Lastly, and I checked this, Mentats appear in Part 1 but are gone in Part 2. I guess they were cut in attempt to streamline the story, but they played major roles in the original work. Paul is effectively a Mentat in the book. The Lynch version has them and kind of follows the plot of the book with one being captured and being forced to cooperate or die from poison. These adaptations don’t mention the Butlerian Jihad and the ban on thinking machines, which is a missed opportunity because it could have been used to shore up the supranatural nature of human beings in this universe.


I loathe to compare things to The Last Jedi, because its usually a lazy comparison and that film deserves a special place of disrespect for what it did to a beloved franchise. The filmmakers behind the sequel trilogy also seem to have an open disdain for the source material and it reflects in their work. I don’t think the filmmakers behind this adaptation of Dune resent the source material but the story changes are questionable now.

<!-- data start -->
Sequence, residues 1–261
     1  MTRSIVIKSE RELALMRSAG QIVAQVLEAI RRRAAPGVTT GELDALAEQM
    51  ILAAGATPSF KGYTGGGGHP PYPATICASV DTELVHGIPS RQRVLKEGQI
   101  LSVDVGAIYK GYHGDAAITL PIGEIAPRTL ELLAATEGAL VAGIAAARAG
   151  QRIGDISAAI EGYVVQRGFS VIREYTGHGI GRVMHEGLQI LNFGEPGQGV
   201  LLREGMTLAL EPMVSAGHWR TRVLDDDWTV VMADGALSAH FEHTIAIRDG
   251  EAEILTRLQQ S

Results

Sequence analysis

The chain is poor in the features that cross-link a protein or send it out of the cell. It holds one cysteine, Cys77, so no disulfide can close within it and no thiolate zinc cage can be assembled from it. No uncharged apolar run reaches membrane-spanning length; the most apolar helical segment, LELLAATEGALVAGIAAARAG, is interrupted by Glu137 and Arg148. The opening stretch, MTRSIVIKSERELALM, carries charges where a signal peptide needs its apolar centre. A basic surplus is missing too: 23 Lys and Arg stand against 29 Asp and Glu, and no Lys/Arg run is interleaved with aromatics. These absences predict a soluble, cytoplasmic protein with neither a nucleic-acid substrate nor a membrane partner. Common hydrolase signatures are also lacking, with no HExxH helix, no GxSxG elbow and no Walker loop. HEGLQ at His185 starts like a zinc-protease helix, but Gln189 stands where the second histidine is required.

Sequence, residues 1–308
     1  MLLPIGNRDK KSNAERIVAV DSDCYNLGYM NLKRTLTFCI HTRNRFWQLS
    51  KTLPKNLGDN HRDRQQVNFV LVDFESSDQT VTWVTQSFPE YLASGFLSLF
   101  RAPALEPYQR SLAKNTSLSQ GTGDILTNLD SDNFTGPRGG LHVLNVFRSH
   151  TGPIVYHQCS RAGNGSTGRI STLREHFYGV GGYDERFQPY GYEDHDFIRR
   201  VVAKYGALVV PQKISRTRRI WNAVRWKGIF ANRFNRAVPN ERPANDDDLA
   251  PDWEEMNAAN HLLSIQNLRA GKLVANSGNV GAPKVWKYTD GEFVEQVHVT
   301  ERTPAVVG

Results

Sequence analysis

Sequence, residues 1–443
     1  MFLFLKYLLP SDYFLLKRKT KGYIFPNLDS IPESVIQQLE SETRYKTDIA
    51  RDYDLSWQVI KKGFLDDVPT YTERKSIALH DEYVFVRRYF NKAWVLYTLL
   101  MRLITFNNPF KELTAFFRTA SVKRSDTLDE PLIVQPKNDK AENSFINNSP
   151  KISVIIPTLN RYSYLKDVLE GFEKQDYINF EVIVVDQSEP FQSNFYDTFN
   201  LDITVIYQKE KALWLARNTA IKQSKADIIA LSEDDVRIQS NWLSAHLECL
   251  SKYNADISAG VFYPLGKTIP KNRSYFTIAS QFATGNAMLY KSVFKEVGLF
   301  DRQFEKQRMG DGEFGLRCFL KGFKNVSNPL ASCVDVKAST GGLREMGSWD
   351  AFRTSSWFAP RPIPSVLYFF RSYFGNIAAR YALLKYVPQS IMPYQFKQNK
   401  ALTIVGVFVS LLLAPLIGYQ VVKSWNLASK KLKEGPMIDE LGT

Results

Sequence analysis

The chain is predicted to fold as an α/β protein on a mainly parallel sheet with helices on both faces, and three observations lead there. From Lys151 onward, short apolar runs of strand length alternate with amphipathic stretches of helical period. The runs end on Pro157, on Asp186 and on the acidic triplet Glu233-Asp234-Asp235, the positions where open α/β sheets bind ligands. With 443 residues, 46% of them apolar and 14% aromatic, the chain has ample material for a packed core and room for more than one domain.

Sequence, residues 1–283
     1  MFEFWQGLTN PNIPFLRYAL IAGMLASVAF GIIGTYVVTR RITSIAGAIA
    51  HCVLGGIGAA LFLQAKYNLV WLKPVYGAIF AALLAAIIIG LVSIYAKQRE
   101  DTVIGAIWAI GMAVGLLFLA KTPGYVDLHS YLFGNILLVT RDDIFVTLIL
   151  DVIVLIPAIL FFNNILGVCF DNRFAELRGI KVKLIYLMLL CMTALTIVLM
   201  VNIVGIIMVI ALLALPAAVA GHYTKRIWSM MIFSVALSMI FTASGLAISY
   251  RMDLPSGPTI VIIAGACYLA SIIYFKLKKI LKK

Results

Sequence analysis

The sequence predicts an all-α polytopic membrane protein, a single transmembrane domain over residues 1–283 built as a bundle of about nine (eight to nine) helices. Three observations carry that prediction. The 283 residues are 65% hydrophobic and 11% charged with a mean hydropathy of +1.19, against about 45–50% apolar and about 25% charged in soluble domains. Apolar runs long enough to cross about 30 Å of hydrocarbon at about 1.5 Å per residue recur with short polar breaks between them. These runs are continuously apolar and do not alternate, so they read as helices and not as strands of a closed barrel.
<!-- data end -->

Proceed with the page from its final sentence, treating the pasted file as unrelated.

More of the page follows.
Dune Part 2 echoes back to a lot of what was said about The Last Jedi, initially. People loved the visuals. Some celebrated the shocking and unexpected narrative choices. It made a ton of money. Almost no one celebrates that film anymore. It took another film, The Rise of Skywalker, for people to really appreciate just how damaging The Last Jedi was. And with all three films, the poisoned roots of the once universally beloved The Force Awakens became apparent. Its remarkable how Dune Parts 1 and 2 seem to be mirroring the path those Star Wars films took.

I have Dune Part 1 on 4K. I went into Dune Part 2 hyped to see it. Now, I don’t want to buy it if it comes out on disc or even watch it again. And I’m not sure I will run out to see Part 3 when it releases. I suspect that during the years leading to Part 3’s release, more and more people will feel the same as I do.

Dune Part 2 is an unfulfilling film that sabotages what should have been its best moments and there’s a real sense of modern day politics slyly winking at us from behind a sand worm.

Make Astrophotography Simple – Seestar S50

The Seestar S50 makes astrophotography simple. It’s nearly a push-button tool to take some decent pictures of distant celestial objects even when surrounded by city light pollution. ZWO produces it and it is controlled with their app on Android or iOS via Wi-Fi or Bluetooth. All you need is a tablet or phone and a stable surface on which to set the Seestar.